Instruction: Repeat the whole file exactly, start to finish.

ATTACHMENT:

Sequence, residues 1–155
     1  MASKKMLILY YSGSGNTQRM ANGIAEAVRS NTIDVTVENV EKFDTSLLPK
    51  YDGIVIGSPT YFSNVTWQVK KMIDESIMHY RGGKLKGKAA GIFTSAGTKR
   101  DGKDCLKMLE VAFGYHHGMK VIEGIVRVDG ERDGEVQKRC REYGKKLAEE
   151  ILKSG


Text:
Sequence, residues 1–155
     1  MASKKMLILY YSGSGNTQRM ANGIAEAVRS NTIDVTVENV EKFDTSLLPK
    51  YDGIVIGSPT YFSNVTWQVK KMIDESIMHY RGGKLKGKAA GIFTSAGTKR
   101  DGKDCLKMLE VAFGYHHGMK VIEGIVRVDG ERDGEVQKRC REYGKKLAEE
   151  ILKSG